Researchers at Ohio State University have found a way to deactivate “nano twins” to improve the high-temperature properties of superalloys that are used in jet engines.

The advance could speed the development of turbine engines of all sorts, including those used for transportation and power generation.

The research could benefit developers of high-temperature turbines.The research could benefit developers of high-temperature turbines.The “nano twins” are microscopic defects that grow inside alloys and weaken them, allowing them to deform under heat and pressure.

In the journal Nature Communications, engineers at Ohio State University describe how tailoring an alloy’s composition and then exposing it to high heat and pressure can not only prevent nano twins from forming, it can also make the alloy stronger.

In tests, the technique, which they’ve dubbed “phase transformation strengthening,” eliminated the formation of nano twins and decreased alloy deformation by half.

Strong, heat-resistant alloys enable turbine engines to run cleanly and efficiently, says Michael Mills, professor of materials science and engineering and leader of the project. When an engine can run at high temperatures, it consumes fuel more thoroughly and produces lower emissions.

Researchers found that increasing the concentrations of certain elements in super-alloys inhibits the formation of high-temperature deformation twins, improving the alloys’ high temperature capabilities.

The researchers made the discovery when they were studying nano twin formation in two different commercial superalloys. They compressed samples of the alloys with thousands of pounds of pressure at around 1,400 degrees Fahrenheit—a temperature comparable to a running jet engine—and then examined the alloys’ crystal structures with electron microscopes and modeled the quantum mechanical behavior of the atoms on a computer.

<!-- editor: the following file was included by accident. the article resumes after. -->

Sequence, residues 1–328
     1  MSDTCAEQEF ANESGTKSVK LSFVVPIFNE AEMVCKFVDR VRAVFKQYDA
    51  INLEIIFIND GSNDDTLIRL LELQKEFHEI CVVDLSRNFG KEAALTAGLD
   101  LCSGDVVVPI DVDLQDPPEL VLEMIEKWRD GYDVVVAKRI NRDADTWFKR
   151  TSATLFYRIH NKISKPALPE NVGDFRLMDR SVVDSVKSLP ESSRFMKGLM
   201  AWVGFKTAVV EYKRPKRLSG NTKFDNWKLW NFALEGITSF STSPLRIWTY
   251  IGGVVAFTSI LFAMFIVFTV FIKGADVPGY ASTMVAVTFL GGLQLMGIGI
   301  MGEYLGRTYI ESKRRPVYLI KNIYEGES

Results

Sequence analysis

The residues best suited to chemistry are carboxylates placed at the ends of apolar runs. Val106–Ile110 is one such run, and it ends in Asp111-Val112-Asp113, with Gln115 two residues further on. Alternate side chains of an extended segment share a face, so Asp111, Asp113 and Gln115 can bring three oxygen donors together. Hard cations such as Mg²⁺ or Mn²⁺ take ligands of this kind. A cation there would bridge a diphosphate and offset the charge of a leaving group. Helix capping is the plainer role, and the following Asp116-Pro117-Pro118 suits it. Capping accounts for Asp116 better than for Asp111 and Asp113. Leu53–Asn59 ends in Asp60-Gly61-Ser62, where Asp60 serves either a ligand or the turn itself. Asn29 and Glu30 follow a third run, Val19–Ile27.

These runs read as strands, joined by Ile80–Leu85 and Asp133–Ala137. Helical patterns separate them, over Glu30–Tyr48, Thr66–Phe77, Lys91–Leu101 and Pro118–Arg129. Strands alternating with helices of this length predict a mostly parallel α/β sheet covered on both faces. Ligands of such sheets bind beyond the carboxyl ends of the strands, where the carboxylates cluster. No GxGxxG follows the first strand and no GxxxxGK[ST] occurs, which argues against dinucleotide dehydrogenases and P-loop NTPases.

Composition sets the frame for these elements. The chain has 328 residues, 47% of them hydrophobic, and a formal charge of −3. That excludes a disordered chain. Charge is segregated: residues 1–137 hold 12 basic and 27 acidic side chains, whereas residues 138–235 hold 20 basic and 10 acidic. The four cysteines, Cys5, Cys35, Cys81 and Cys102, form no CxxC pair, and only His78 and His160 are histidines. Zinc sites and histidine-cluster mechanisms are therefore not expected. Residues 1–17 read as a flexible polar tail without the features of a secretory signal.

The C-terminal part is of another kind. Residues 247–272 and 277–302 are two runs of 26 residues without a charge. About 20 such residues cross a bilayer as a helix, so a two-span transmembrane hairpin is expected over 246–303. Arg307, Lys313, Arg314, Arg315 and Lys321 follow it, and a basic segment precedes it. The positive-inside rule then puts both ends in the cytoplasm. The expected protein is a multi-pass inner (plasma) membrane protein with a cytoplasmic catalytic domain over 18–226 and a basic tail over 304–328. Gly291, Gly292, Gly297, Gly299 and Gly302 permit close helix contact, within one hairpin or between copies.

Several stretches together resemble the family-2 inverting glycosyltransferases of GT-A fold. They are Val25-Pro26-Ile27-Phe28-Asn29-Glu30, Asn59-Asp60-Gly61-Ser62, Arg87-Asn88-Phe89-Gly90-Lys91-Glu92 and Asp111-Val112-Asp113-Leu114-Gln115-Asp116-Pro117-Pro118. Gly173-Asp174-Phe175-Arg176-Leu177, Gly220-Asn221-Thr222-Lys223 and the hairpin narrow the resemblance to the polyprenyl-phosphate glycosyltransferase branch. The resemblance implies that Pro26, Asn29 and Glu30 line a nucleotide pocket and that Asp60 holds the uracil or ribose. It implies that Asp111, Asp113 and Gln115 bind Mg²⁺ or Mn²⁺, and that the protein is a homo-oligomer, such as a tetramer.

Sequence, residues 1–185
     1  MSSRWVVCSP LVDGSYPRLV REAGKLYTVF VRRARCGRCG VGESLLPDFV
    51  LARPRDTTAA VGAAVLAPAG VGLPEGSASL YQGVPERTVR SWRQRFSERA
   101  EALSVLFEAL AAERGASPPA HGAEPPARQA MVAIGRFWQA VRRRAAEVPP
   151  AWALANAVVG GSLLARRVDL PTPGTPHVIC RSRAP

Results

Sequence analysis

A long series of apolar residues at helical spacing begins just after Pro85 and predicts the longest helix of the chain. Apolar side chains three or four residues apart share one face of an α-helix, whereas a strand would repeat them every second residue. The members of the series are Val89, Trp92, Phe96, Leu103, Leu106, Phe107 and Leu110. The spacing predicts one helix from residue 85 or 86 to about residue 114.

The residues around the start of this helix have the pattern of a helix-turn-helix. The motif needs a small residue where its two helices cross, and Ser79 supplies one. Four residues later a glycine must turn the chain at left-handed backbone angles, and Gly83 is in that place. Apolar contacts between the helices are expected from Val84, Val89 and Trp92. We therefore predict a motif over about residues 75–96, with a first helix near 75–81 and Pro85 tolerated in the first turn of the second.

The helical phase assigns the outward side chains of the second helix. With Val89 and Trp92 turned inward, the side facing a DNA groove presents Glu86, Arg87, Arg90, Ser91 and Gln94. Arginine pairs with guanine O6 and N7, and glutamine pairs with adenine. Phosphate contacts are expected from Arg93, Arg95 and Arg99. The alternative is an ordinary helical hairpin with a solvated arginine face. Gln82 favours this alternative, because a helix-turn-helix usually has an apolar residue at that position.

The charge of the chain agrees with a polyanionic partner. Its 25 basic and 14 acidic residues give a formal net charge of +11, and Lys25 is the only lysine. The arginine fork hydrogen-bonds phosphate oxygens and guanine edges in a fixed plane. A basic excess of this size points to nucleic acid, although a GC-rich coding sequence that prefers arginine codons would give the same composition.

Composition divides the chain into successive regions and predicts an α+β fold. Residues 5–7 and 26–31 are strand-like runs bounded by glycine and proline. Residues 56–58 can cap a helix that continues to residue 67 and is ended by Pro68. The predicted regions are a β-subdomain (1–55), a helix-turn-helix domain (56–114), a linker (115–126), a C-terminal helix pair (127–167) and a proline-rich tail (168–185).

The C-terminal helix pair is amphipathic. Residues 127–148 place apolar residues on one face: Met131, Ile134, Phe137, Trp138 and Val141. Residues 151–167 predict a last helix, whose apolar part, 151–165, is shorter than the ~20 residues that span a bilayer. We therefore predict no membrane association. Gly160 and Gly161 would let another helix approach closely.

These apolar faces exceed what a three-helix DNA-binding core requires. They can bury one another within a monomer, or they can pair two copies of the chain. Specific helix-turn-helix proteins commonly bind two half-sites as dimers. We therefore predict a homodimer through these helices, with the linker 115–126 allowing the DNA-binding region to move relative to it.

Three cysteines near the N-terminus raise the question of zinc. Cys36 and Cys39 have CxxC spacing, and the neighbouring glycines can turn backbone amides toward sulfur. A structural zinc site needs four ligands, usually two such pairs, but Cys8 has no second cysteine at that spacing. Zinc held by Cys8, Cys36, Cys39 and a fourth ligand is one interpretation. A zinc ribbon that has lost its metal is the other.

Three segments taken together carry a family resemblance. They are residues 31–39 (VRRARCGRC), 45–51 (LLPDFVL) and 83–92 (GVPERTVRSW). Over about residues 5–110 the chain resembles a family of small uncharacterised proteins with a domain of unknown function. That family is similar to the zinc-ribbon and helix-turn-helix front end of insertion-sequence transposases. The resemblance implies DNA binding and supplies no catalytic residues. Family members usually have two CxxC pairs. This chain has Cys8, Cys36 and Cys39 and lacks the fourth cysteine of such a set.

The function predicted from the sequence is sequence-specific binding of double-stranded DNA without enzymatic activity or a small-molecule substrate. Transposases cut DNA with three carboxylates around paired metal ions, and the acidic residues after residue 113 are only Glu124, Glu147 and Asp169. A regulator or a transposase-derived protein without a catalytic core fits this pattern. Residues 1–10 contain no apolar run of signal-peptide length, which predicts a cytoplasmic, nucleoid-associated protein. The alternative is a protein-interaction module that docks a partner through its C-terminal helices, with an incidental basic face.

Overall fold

In both alloys, the temperature and pressure caused nano twin faults to develop within the superalloy crystals. And, in both alloys the material composition in and around the faults changed, but in different ways.

Through a sequence of atomic-scale jumps, some elements—such as atoms of nickel and aluminum—diffused away from the faults, while others diffused into the faults. The researchers were able to detect these fine-scale movements using the advanced electron microscopes at the Ohio State’s Center for Electron Microscopy and Analysis (CEMAS).

According to the research, in the first alloy, which was not as strong at high temperature, atoms of cobalt and chromium filled the fault. That weakened the area around the fault and allowed it to thicken and become a nano twin.

But in the second alloy—the one that didn’t form nano twins—the elements titanium, tantalum, and niobium tended to diffuse into the faults instead. As a result, a new and stable phase of material formed at the faults. The new phase was so stable that it resisted the formation of nano twins.

The tendency for particular atoms to diffuse into the nano twin faults depends on the overall composition of the alloy. The researchers found that when the amount of titanium, tantalum, and niobium in the alloy was increased, while decreasing cobalt and chromium, they could actually strengthen the region around the faults and prevent the fault from widening into a nano twin.

The team is continuing to study phase transformation strengthening, to see if tailoring the alloy compositions in different ways might enhance the effect.

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